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Self-Psychology Case Study

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            According to Heinz Kohut, our sense of self is based on the notion of being the center of attention as it relates to our personal ambitions, and fantasies, and how this notion is reconciled by our experiences with others. (Süsske n. pag.). Our notion of the “self” or what Kohut refers to as “Narcissism” is based on our efforts to achieve our pleasures and our attempts to embody in reality this notion of self (Süsske n. pag.). The decisions we make, the paths that we pursue, our long term plans, and the way we interact with our peers is based on our perception of who we are based on these endeavors.

            However, our notion of the self does not always agree with the results of our endeavors in reality and this often leaves us in a state of being fragmented (Süsske n. pag.). There are times wherein the manner that we react in a certain circumstance, how our peers relate to us, or our efforts toward our goals fall short of our expectations. This results to a state of fragmentation which we identify as the feeling of being depressed, anxious, discouraged or the lack of vitality.

            In order to cope with the difference between our ideal sense of self and the reality of our experiences with others, we construct self-object experiences. (Süsske n. pag.). These are objects that try to nurture the self, a projection of our self and others, created by our psyche creates as a form of defense mechanism (Süsske n. pag.). These are our rationalizations of the events that do not meet our expectations. These perceptions allow us to accept the disparity between our ideals and our realities.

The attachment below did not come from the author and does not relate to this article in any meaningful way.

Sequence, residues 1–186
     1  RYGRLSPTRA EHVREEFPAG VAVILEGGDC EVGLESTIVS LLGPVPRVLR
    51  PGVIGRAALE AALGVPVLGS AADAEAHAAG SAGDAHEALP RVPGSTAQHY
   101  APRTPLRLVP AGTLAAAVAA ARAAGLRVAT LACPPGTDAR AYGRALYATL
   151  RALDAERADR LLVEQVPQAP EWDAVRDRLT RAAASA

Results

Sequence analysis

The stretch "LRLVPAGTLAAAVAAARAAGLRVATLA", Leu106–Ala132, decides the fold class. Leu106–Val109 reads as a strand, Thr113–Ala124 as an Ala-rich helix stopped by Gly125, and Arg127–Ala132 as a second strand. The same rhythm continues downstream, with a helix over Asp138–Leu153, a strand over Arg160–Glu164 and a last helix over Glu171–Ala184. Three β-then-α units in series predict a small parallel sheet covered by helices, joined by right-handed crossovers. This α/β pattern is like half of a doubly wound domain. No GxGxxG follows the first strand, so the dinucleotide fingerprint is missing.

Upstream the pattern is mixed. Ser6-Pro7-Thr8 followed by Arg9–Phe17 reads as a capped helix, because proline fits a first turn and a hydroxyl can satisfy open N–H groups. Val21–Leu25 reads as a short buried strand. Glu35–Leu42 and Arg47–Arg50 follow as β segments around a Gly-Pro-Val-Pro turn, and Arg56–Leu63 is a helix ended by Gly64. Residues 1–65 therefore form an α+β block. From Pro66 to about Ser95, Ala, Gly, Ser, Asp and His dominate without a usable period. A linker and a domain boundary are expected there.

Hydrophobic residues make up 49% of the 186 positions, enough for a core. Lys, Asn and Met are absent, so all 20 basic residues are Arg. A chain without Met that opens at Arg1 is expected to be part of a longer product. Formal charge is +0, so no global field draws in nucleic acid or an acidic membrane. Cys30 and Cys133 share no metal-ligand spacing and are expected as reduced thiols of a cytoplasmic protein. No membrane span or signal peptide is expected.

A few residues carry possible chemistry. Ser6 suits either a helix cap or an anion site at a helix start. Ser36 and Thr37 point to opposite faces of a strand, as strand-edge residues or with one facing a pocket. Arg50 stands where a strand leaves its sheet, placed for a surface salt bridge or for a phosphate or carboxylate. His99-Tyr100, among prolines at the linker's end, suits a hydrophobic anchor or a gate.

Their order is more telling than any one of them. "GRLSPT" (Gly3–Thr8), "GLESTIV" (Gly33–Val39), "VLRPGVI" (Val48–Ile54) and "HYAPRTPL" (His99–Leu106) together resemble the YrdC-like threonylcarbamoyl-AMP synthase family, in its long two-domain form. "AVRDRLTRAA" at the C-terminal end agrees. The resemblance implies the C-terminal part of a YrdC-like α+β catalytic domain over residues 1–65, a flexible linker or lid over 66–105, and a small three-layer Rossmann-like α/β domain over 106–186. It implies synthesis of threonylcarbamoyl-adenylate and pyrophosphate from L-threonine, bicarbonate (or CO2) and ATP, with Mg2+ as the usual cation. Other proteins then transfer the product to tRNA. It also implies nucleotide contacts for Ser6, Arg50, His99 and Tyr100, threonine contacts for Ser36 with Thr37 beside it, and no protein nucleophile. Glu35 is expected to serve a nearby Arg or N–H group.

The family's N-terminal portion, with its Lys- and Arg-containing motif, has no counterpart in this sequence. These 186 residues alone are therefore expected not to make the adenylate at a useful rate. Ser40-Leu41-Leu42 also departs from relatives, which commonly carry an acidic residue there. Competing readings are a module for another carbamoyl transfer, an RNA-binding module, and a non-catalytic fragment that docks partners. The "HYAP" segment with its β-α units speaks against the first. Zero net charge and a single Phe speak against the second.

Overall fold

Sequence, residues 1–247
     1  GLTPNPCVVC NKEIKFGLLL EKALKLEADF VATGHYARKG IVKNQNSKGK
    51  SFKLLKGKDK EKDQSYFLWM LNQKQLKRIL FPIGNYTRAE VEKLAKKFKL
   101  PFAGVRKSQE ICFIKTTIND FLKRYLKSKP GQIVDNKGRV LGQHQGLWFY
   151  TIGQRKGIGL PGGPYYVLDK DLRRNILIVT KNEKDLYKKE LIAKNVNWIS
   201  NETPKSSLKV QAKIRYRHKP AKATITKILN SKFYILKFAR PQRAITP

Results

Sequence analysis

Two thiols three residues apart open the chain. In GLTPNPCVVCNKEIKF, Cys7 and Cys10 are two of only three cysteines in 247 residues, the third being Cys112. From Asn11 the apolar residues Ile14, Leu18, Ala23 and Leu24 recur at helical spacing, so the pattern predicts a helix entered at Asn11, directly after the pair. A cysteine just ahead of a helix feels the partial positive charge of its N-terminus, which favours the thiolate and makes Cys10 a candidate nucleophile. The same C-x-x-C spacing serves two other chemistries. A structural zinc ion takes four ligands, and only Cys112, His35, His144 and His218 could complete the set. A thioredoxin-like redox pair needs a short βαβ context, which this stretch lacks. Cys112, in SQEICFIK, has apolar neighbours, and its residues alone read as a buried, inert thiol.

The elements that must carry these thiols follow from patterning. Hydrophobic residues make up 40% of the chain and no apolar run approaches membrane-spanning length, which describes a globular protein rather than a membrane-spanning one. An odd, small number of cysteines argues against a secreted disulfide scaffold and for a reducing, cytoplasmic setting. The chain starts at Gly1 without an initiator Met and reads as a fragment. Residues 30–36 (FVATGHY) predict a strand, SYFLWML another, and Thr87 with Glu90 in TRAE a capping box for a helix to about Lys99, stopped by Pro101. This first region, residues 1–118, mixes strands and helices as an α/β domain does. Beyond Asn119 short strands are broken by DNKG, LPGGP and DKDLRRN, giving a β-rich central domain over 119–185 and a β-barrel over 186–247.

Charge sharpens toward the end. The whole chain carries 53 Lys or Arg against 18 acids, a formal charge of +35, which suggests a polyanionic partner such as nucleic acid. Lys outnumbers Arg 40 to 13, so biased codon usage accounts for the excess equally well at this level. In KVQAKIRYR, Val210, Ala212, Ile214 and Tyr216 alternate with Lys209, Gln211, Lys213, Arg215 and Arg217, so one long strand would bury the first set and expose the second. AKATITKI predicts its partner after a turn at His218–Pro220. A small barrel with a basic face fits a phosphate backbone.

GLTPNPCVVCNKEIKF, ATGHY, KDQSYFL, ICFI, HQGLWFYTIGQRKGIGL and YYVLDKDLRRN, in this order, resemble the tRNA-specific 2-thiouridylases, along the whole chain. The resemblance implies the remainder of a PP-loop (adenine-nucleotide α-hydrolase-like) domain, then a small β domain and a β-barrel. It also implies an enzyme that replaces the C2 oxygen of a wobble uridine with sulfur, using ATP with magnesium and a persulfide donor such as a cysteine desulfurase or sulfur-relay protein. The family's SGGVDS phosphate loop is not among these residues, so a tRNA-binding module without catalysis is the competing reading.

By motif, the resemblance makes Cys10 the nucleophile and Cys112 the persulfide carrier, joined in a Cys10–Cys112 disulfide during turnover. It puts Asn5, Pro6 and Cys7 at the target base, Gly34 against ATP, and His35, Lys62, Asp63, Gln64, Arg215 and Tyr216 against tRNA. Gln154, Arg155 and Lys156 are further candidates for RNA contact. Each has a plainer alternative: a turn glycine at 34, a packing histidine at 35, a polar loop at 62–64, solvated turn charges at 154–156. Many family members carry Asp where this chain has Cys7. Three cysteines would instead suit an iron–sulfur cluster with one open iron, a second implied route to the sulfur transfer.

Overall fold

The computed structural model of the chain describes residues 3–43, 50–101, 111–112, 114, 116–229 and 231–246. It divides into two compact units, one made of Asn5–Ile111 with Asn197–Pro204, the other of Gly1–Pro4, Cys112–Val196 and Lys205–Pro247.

I can relate a recent personal experience to Kohut’s notion of fragmentation. This was during my high school years when I failed to perform according to my expectations. I have always thought of myself to be an achiever. This is probably influenced by how my parents raised me as a child. My parents constantly assured me that there was nothing that I could not do as long as I focused myself on doing it and because of that I eventually played the role of the achiever. Be it in academics or in extra-curricular activities, I always sought to be the among the best, if not the best, and eventually it became a reality.